We all know the life of a working mother is challenging; heck, I wrote a whole book on the topic. At home, we often manage more than our fair share of housework and childcare. At work, we still face a mommy penalty that can impact our wages and career opportunities. Overall, we report feeling tired and torn in many directions.
Despite the workload and resulting stressors, being a working mother can still be one of the most rewarding lifestyles a woman can choose. We can revel in the pleasures of family life and also derive satisfaction from pursuing professional goals. We can shift from mogul to mom and back, knowing we are providing for our family's emotional and financial well-being.
In 2014, why not focus on the best of working motherhood? Here are 10 New Year's Resolutions to help you do just that. Don't try to tackle them all (see resolution number 10); just choose a few. Because, while we can have it all, we can't do it all.
1. Define your own all.
Don't waste time worrying about how your life compares to someone else's. You will never define having it all the same way another woman does. Resist the "Michael's Mafia" -- the moms who make elaborate crafts and volunteer in the classroom -- maybe they have less demanding jobs than you. Don't worry that your neighbor just made partner at her law firm. You don't know what she may have sacrificed for her career success. Forget how a Princeton professor who consults for the State Department defines all, how I define all, how your mother-in-law defines all. Do what makes you happy and works for your family. That is all.
2. Build your power network.
Next time you are at the office, the PTO meeting, the grocery store, or on the commuter rail, look to your left and your right. See those women? They are a wealth of support and information. Network with them. Rather than trying to connect with Sheryl Sandberg or Hillary Clinton via your neighbor's sister-in-law's coworker, use your energy getting to know the power players in your everyday life. These are the women who can refer clients, financial planners, babysitters, even hairdressers. They are all around you. Get to know them.
3. Embrace competition.
While building that power network of women, don't rule out your competitors. The competition can make powerful allies. Despite the fact the mainstream media makes it seem like two strong women almost always equals a catfight, smart women know together we are stronger. Identify your closest competitors at work or in business and find a way to partner with them in 2014.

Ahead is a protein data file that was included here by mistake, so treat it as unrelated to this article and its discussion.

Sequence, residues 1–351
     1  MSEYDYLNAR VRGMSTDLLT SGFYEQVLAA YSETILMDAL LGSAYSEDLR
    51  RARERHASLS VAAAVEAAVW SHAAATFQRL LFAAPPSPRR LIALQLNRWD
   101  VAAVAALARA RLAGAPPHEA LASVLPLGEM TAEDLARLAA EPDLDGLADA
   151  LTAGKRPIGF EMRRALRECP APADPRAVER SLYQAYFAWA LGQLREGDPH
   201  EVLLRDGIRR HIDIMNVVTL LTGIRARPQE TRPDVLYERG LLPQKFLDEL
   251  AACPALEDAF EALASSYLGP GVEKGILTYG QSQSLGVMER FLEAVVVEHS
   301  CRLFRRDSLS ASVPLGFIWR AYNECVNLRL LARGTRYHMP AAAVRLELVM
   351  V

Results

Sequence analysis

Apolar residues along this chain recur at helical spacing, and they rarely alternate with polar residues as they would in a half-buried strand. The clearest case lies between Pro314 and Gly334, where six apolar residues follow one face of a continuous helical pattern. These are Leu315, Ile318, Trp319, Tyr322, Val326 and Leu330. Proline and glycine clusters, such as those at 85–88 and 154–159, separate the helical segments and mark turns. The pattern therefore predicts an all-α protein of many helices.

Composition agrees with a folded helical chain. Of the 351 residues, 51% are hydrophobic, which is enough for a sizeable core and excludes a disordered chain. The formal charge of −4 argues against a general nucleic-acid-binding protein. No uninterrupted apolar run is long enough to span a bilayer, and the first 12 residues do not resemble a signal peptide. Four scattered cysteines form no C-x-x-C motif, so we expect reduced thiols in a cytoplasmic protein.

4. Get political.
Speaking of partnering with other women, make 2014 the year you get political. Get familiar with The Family and Medical Insurance Leave Act, The Healthy Families Act, The Paycheck Fairness Act -- all designed to improve the lives of working mothers -- and tell your legislators you want their backing. Support candidates who support working families by donating your time and money to their campaigns. Even better? Run for office.
5. Respect the flex.
On the subject of improving the lives of working mothers, respect flex in your workplace. Understand that flexibility is a two-way street and be sure to give as much flexibility to your employer as you ask them to give to you. If you negotiate work-from-home, flex start and stop times, or a part-time schedule, be prepared to accommodate the occasional needs of clients and coworkers during your off hours. The more we respect the flex, the more likely our employers will be to offer flex solutions.
6. Sleep more.
Want to be more productive at work or more present at home? Go to bed. Sleep deprivation can lead to heart disease, depression, weight gain, mistakes on the job and short fuses at home. Stop trying to cram it all in by sleeping less. Aim for eight hours of sleep daily and say good night to tired in 2014.
7. Log off Facebook.
One way to find more time for sleep is to log off of Facebook. Be honest; how much time are you spending on the site? Never mind the Candy Crush addicition; what about the snooping? Do you really care what a former coworker made for lunch? Or that your neighbor is at the dentist? Or that someone from your college dorm that you knew 15 years ago dropped ten pounds? Log off and live your own life.
8. Put down the mop.
Women spend, on average, 30 percent more time on housework than men do. If we're so busy doing it all -- from folding the laundry to washing the dishes to mopping the floor, how are we supposed to have it all? In 2014, why not ease up on the housework? Lower your standards, even just a little, and free up some precious time to pursue career or personal goals or, just sleep.
9. Make the invisible visible.
Women tend to carry the burden for the invisible tasks as well as the visible chores. These tasks take up just as much mental energy as folding laundry and making dinner. But while it's one thing not to make the beds everyday, it's quite another to not book your child's doctor's appointment, or miss the deadline for soccer signups. We can't skip these tasks, so we need to get some help with them. In 2014, aim to make the invisible visible. Enlist your life partner in life maintenance. It's not enough for him to just drive the carpool. Ask him to organize the carpool schedule too.
10. Embrace good enough.
Of course, when you start letting others help, you need to be prepared to accept their way of doing things. Maybe you wouldn't dress your child in plaid and stripes, or perhaps you'd stack the dishwasher a different way. Let go to find balance. Don't let the pursuit of perfection derail your plans for the New Year. Go for good enough in 2014 and make it your best year yet.